Barra fishing, the Savannah Way

Yet again we were saying goodbye to relative civilisation for more than a month. From Darwin we head south and then ever east along the little travelled Savannah Way.

But first a quick dip at Berry Springs. This nature reserve is just a short drive from Darwin, and is a large cool and lush springs, surrounded by a recreation reserve. It’s a pretty popular spot on Sunday afternoon. Nevertheless, we had a great time cooling off in the natural springs. The two pools are quite big, so the crowds weren’t too much of a worry.

Kids at Tjaynera Falls - Litchfield NPEveryone raves about Litchfield National Park. Last time we did a flying visit, as we couldn’t venture down the 4WD tracks. This time we visited all the sites, including the lovely (and totally quiet) Tjaynera Falls. It was a 3.5 km return walk, but with a swim at the halfway point, we all did it with ease. There was a little rock ledge at the entry point into the pool, and the kids thought it was fun having a picnic while sitting in the water. Until we were about to leave, we were the only people there.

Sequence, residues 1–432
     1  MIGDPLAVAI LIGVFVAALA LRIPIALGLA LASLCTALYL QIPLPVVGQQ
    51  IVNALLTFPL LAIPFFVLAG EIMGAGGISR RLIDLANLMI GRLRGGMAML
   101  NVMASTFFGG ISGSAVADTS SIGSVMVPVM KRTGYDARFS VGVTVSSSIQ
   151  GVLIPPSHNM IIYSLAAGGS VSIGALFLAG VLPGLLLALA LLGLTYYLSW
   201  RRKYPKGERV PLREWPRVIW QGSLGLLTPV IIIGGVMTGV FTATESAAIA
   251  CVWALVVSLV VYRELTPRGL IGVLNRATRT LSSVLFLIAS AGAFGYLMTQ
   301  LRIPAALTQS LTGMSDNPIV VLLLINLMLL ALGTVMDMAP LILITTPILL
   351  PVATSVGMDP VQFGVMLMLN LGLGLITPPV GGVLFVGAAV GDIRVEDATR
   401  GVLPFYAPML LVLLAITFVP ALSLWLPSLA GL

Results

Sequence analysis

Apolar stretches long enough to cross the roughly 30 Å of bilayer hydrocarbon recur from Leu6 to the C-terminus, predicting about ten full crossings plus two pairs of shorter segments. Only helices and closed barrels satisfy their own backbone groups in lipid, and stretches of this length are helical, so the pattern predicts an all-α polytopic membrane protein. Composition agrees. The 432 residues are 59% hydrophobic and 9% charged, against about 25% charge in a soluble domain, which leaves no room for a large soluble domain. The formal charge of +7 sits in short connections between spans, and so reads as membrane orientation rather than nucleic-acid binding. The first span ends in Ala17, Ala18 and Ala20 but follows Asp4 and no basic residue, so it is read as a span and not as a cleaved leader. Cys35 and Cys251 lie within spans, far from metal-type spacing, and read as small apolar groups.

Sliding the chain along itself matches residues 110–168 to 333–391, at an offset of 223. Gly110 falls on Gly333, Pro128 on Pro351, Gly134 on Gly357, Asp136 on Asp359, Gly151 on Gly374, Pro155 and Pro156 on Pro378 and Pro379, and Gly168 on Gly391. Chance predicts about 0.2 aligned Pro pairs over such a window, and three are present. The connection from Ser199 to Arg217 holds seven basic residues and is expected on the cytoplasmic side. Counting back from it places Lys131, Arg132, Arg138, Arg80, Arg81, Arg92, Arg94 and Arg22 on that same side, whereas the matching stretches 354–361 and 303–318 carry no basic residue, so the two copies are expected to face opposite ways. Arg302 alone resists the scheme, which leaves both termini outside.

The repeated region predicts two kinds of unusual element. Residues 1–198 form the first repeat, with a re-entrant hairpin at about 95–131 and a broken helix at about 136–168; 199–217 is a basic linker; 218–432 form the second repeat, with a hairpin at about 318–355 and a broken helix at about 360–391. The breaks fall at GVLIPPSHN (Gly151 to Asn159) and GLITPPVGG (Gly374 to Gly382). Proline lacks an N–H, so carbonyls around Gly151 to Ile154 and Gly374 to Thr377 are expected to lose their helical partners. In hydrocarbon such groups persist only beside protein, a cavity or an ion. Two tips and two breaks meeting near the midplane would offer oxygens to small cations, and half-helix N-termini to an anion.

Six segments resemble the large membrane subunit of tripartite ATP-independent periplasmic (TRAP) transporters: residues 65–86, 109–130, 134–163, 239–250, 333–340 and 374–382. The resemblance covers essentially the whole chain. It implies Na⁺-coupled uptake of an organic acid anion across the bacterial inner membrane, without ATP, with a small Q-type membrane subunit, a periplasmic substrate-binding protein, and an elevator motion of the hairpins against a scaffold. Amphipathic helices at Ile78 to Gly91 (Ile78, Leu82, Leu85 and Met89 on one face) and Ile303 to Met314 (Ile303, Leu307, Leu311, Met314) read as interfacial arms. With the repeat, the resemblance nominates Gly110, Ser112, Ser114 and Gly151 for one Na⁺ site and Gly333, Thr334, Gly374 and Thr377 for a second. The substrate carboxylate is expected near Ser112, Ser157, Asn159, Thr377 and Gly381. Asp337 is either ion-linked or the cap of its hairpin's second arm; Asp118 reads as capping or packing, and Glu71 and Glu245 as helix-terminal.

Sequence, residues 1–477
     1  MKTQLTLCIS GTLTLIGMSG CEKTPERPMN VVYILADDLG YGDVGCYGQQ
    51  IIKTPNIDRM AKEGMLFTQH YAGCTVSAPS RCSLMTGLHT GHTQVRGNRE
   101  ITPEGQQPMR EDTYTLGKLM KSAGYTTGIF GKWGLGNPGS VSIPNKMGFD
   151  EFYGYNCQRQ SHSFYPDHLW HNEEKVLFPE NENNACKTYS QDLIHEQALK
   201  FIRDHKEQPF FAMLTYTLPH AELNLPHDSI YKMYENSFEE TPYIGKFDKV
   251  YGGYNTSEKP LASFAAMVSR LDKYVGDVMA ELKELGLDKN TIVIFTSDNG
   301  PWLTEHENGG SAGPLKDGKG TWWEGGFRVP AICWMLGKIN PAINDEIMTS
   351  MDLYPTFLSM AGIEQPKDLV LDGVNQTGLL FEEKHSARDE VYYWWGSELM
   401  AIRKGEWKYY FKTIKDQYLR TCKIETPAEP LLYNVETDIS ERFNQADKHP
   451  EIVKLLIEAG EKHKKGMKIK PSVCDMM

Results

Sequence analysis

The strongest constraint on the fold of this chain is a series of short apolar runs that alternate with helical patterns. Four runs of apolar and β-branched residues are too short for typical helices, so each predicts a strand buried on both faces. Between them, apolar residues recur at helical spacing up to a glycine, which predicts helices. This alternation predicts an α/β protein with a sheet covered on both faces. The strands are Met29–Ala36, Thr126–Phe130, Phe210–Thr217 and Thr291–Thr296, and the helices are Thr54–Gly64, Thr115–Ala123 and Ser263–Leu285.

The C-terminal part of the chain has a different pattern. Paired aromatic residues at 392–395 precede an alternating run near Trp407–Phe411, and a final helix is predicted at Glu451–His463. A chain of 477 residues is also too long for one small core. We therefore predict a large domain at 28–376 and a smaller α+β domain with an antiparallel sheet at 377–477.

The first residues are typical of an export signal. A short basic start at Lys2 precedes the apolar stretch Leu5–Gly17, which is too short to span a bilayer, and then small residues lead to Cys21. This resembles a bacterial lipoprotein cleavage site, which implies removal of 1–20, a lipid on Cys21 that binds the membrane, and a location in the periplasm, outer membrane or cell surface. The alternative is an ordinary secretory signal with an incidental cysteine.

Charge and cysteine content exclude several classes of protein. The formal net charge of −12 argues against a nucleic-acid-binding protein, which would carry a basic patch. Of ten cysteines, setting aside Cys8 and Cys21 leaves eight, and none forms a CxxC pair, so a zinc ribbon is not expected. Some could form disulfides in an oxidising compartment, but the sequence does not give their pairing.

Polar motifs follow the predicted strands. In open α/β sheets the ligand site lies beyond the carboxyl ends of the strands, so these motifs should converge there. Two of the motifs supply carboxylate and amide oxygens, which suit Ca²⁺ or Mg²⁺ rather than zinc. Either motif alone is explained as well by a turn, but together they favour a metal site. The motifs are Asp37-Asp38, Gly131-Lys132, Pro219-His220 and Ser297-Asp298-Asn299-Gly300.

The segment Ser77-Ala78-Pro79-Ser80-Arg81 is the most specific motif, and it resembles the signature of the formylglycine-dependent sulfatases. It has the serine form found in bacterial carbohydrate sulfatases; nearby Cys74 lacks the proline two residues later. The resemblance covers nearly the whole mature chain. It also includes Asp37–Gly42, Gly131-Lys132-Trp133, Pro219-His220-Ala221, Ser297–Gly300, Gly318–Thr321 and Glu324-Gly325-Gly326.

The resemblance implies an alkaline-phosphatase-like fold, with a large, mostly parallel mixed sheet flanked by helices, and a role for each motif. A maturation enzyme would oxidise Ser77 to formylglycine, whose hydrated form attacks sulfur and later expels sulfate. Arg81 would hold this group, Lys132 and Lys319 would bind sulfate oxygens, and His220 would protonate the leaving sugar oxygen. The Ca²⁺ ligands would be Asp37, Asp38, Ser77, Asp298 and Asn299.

We really enjoyed Litchfield. It is almost as good as the Kimberly on smaller scale, but easier to access.

A little bit further south to Mataranka, and we turned off the Stuart Highway onto the Savannah Way. This famous route actually stretches all the way from Broome to Cairns, but we missed the first half by travelling via the Gibb River Road. The eastern section we are travelling is mostly unsealed, but is also less travelled, and in much better condition. There are really only a few highlights along the 1000 km or so, but it is a dream road if you are a really keen fisherman, and love eating Barramundi. Mike was determined to hook one at some point, so thus was our mission.

We were forced to stop at Roper Bar for our first night. One of the mounts for the second battery tray sheared, and a repair requiring some welding. We had a bit of a go fishing from the boat ramp and the causeway, but no luck there.